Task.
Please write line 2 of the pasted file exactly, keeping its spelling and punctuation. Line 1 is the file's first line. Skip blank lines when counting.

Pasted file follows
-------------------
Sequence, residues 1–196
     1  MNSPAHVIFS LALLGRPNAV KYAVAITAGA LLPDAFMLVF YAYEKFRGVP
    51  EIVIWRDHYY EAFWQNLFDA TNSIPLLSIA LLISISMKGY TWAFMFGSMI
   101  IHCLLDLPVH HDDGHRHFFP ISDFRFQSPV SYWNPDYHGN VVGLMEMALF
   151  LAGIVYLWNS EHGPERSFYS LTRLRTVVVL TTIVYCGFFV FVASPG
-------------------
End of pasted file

     1  MNSPAHVIFS LALLGRPNAV KYAVAITAGA LLPDAFMLVF YAYEKFRGVP